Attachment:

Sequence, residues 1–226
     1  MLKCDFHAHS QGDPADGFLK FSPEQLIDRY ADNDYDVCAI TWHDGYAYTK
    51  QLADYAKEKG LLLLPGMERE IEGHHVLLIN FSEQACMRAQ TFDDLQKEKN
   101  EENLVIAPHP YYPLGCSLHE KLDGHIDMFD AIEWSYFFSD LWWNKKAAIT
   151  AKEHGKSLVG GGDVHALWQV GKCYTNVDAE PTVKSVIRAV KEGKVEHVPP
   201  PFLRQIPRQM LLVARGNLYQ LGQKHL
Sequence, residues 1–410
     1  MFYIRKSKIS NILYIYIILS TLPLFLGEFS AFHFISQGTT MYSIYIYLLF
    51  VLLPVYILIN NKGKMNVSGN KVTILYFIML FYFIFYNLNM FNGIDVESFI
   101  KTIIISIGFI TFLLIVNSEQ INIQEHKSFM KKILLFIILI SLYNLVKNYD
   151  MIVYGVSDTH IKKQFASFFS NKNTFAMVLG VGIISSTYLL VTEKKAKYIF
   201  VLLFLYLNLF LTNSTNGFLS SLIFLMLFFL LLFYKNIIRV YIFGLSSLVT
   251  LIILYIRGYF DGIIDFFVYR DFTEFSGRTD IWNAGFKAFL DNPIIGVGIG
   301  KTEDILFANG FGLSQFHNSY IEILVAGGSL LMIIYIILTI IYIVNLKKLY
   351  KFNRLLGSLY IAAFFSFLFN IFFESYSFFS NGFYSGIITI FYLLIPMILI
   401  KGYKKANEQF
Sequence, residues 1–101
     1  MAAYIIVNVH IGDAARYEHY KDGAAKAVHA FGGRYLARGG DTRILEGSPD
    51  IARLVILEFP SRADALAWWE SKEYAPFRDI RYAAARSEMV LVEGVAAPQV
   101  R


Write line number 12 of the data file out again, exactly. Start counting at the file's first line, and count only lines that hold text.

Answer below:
   201  VLLFLYLNLF LTNSTNGFLS SLIFLMLFFL LLFYKNIIRV YIFGLSSLVT